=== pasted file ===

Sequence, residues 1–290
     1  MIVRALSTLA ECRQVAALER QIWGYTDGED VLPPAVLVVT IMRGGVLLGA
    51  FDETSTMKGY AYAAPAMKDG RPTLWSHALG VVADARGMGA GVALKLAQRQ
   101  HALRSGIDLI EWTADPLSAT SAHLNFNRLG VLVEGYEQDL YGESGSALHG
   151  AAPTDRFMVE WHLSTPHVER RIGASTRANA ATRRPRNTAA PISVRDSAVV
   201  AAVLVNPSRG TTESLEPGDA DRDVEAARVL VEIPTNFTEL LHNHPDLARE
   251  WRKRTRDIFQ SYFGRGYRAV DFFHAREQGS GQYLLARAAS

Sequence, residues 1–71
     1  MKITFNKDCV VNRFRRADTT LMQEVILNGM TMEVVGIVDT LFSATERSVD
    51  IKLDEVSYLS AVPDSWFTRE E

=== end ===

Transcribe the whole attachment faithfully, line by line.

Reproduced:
Sequence, residues 1–290
     1  MIVRALSTLA ECRQVAALER QIWGYTDGED VLPPAVLVVT IMRGGVLLGA
    51  FDETSTMKGY AYAAPAMKDG RPTLWSHALG VVADARGMGA GVALKLAQRQ
   101  HALRSGIDLI EWTADPLSAT SAHLNFNRLG VLVEGYEQDL YGESGSALHG
   151  AAPTDRFMVE WHLSTPHVER RIGASTRANA ATRRPRNTAA PISVRDSAVV
   201  AAVLVNPSRG TTESLEPGDA DRDVEAARVL VEIPTNFTEL LHNHPDLARE
   251  WRKRTRDIFQ SYFGRGYRAV DFFHAREQGS GQYLLARAAS

Sequence, residues 1–71
     1  MKITFNKDCV VNRFRRADTT LMQEVILNGM TMEVVGIVDT LFSATERSVD
    51  IKLDEVSYLS AVPDSWFTRE E